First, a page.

Chuck Palahniuk was in San Francisco again. This time he was signing comics at Comix Experience. This was probably my seventh time seeing him. He’s one of my favorite writers (but also one of my favorite readers. However, since this wasn’t a book tour, he didn’t read.) Thanks to our friend Dom alerting us to the event, Gib and I were one of the first 40 people to get our comics signed. My friend Jenifer brought Frankie the dog along as well.
This week was the first ever Beatnik Shindig, hosted by The Beat Museum in San Francisco. I’m a huge Beat fan and have been since I was 19 years old. I’m so very fortunate to have worked with and become friends with Director and Founder of the Beat Museum, Jerry Cimino and his wife Estelle (whom he met in a bookshop after graduating college!).
For me, The Beat Museum is much more than a museum: it’s a gathering place, one that draws people in and invites them to be comfortable and share their stories. It is an all important archive of all things Beat. Someone called Jerry up and said, hey I have an old piano that used to be Allen Ginsberg’s. If you drive up here and pick it up, you can have it! People want to contribute to the Museum and help preserve this literary history. The Beat generation were a bunch of miscreants (I say this with love as I would identify myself and many of my friends as thus) who moved around a lot and couldn’t seem to settle down. As a result, things they owned, touched, used, are all over the country. People don’t know what to do with these items, but they realize this Beat history is a large part of our American literary canon, and they want to contribute. Continue reading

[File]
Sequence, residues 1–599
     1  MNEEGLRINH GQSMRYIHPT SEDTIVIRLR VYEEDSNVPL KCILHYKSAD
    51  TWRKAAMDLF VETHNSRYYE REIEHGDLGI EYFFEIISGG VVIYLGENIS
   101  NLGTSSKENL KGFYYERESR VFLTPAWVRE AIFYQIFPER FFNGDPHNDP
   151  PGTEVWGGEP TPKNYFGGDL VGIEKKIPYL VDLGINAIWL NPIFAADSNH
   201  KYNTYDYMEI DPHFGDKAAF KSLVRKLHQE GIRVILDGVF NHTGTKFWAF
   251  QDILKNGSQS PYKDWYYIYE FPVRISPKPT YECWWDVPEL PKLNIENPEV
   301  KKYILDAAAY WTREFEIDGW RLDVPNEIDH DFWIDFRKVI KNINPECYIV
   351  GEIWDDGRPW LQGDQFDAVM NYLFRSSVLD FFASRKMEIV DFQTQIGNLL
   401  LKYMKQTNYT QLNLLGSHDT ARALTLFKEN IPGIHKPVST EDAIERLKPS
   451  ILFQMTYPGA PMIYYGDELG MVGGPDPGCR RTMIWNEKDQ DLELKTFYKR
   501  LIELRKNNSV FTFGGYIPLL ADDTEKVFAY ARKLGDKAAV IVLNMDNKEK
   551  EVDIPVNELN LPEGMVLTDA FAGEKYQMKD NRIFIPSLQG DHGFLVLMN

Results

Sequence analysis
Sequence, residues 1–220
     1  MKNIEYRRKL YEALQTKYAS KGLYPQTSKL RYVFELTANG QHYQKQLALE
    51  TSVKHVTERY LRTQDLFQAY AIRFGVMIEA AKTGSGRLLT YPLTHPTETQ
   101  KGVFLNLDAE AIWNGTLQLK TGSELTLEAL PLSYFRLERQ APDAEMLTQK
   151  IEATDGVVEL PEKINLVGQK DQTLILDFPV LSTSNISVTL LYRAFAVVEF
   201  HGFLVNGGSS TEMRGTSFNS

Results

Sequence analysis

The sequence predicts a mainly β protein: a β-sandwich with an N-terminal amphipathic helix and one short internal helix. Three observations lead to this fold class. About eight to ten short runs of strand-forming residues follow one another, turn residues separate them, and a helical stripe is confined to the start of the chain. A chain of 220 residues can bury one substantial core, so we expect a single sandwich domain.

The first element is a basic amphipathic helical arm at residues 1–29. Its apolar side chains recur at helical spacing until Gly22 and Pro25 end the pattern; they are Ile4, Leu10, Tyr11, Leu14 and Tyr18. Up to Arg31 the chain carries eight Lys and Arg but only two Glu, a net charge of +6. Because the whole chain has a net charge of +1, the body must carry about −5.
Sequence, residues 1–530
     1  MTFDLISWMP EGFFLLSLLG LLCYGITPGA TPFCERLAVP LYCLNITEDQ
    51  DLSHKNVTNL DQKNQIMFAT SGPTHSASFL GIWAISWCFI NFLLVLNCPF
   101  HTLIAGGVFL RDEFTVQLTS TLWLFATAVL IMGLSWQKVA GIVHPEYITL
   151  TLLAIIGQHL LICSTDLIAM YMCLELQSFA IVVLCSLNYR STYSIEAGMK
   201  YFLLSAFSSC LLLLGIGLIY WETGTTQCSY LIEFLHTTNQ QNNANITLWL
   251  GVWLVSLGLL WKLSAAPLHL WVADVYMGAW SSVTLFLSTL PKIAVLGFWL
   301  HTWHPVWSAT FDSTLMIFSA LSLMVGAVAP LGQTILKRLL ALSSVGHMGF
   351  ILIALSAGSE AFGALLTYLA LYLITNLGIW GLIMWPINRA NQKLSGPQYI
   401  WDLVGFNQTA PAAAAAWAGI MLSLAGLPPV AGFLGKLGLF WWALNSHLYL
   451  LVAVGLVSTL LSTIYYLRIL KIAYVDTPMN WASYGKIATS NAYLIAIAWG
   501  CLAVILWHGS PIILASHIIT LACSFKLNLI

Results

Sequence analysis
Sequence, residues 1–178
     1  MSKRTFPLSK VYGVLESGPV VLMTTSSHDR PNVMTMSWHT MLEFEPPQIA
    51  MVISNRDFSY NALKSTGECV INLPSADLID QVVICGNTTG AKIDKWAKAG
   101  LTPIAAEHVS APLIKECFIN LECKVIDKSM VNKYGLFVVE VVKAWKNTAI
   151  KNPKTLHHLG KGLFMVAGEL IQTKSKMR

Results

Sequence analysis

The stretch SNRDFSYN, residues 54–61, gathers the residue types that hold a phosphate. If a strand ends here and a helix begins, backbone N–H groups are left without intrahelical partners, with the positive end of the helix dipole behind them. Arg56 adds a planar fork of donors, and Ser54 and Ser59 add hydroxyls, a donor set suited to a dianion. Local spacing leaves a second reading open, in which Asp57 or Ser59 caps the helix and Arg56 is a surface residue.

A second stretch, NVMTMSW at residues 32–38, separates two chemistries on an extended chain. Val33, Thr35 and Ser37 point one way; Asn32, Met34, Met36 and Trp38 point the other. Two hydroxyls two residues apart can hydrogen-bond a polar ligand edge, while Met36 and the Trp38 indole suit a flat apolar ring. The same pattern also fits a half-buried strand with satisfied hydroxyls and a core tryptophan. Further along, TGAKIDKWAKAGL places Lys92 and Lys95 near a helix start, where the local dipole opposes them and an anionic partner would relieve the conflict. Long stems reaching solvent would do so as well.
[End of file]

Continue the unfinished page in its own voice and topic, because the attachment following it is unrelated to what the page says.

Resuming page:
Chuck Palahniuk spoke through the Commonwealth Club’s Inforum group at San Francisco’s Castro Theater. If you are familiar with Chuck’s writing, you’ll understand that he doesn’t do anything like others do. His voice and stories are unique because he is. Chuck’s books aren’t meant to be provocative. He isn’t writing to shock people. He is writing stories for people who like them, who get him, who also see the world differently. Chuck tells the stories he knows and understands. He tells the stories that were whispered to him by nervous people that want to confess, want to share their secrets. When people are shocked, it is because they are entering an unfamiliar territory, one in which they are uncomfortable with things they don’t understand or do not like.
The Sex Lives of Siamese Twins by Irvine Welsh examines society’s obsession with celebrity, fitness, art, and the way those things are used to inflict abuse. The Sex Lives of Siamese Twins is about the relationship of a fitness instructor who is filmed by an overweight suicidal artist saving two men from gunpoint. The two women become linked as Lena, the artist, attempts to get into shape with the fitness instructor, Lucy’s guidance. Lucy’s detestable actions seem to stem from her hatred of women. She uses them merely as figures to compare body types and for sex. Continue reading